Julien Pilourdault - Scalable Algorithms For Monitoring Activity Traces

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Julien Pilourdault
Julien Pilourdault
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  • Nadia Brauner, Professor at Université Grenoble Alpes, Examiner
  • Patrick Valduriez, Senior Researcher at INRIA, Reviewer
  • Donald Kossmann, Professor at ETH Zurich, Reviewer
  • Yanlei Diao, Professor at Ecole Polytechnique, Examiner
  • Sihem Amer-Yahia, Senior Researcher at CNRS, Director
  • Vincent Leroy, Professor at Université Grenoble Alpes, Co-Advisor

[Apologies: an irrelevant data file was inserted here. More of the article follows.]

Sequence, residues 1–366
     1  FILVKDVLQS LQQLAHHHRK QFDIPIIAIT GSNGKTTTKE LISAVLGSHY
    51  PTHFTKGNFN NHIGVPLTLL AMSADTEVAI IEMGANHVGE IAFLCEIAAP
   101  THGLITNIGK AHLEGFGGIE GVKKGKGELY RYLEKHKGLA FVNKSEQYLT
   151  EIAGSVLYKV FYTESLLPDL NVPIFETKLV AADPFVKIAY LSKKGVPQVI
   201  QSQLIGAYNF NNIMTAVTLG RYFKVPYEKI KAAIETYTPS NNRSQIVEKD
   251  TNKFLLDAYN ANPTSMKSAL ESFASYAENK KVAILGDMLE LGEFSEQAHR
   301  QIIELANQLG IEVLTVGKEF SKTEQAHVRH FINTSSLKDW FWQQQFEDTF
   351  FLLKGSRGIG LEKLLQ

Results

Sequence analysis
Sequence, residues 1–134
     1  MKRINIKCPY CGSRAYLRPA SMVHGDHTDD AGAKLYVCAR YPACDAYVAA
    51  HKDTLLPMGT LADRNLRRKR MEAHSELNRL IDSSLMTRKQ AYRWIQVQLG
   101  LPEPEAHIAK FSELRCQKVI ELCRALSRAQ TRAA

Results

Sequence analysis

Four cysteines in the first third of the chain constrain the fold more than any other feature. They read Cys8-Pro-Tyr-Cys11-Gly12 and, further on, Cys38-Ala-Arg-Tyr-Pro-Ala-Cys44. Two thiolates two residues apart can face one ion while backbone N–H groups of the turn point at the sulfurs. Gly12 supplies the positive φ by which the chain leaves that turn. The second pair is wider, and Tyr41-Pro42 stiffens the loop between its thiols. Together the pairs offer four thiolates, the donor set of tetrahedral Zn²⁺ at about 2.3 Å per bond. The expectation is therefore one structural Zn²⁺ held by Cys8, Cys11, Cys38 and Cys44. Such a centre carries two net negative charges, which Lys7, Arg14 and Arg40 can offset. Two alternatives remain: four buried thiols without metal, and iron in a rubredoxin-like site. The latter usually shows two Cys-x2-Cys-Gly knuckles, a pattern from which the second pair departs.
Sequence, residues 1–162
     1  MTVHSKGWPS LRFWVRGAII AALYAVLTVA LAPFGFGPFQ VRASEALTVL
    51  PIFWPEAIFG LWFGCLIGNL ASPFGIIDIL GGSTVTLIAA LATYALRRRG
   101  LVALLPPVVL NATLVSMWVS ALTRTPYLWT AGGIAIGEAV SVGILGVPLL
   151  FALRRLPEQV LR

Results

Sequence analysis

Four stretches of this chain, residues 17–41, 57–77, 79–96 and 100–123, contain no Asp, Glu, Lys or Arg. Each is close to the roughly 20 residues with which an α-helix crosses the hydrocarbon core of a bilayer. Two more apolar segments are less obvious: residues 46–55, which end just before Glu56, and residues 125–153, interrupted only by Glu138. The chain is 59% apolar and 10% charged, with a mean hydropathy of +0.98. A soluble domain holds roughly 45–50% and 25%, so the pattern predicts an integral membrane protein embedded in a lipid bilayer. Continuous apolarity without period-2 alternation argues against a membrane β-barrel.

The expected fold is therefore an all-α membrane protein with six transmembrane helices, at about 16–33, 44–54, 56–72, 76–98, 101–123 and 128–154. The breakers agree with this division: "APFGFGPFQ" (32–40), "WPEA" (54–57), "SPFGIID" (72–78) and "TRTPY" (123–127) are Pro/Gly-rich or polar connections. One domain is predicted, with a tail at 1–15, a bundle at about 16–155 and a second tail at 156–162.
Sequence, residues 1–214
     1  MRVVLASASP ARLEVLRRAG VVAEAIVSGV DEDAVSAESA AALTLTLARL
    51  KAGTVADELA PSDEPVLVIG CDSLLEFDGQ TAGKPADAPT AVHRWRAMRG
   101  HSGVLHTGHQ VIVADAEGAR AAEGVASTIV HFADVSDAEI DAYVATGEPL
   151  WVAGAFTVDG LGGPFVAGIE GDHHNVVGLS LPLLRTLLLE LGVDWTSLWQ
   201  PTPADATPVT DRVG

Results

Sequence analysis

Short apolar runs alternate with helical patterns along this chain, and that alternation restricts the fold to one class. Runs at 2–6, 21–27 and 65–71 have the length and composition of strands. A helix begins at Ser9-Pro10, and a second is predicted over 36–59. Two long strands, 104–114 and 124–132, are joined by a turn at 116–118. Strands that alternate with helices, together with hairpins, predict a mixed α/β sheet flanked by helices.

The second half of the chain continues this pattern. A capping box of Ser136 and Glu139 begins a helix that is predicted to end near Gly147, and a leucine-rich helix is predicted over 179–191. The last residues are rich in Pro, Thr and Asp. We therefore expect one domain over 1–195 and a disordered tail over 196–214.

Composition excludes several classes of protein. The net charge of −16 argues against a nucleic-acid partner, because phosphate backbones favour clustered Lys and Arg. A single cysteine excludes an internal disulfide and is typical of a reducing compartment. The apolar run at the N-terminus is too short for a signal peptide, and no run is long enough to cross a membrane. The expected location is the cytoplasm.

In this thesis, we study scalable algorithms for monitoring activity traces. In several domains, monitoring is a key ability to extract value from data and improve a system. This thesis aims to design algorithms for monitoring two kinds of activity traces. First, we investigate temporal data monitoring. We introduce a new kind of interval join, that features scoring functions reflecting the degree of satisfaction of temporal predicates. We study these joins in the context of batch processing: we formalize Ranked Temporal Join (RTJ), that combine collections of intervals and return the k best results. We show how to exploit the nature of temporal predicates and the properties of their associated scored semantics to design TKIJ , an efficient query evaluation approach on a distributed Map-Reduce architecture. Our extensive experiments on synthetic and real datasets show that TKIJ outperforms state-of-the-art competitors and provides very good performance for n-ary RTJ queries on temporal data. We also propose a preliminary study to extend our work on TKIJ to stream processing. Second, we investigate monitoring in crowdsourcing. We advocate the need to incorporate motivation in task assignment. We propose to study an adaptive approach, that captures workers’ motivation during task completion and use it to revise task assignment accordingly across iterations. We study two variants of motivation-aware task assignment: Individual Task Assignment (Ita) and Holistic Task Assignment (Hta). First, we investigate Ita, where we assign tasks to workers individually, one worker at a time. We model Ita and show it is NP-Hard. We design three task assignment strategies that exploit various objectives. Our live experiments study the impact of each strategy on overall performance. We find that different strategies prevail for different performance dimensions. In particular, the strategy that assigns random and relevant tasks offers the best task throughput and the strategy that assigns tasks that best match a worker’s compromise between task diversity and task payment has the best outcome quality. Our experiments confirm the need for adaptive motivation-aware task assignment. Then, we study Hta, where we assign tasks to all available workers, holistically. We model Hta and show it is both NP-Hard and MaxSNP-Hard. We develop efficient approximation algorithms with provable guarantees. We conduct offline experiments to verify the efficiency of our algorithms. We also conduct online experiments with real workers and compare our approach with various non-adaptive assignment strategies. We find that our approach offers the best compromise between performance dimensions thereby assessing the need for adaptability.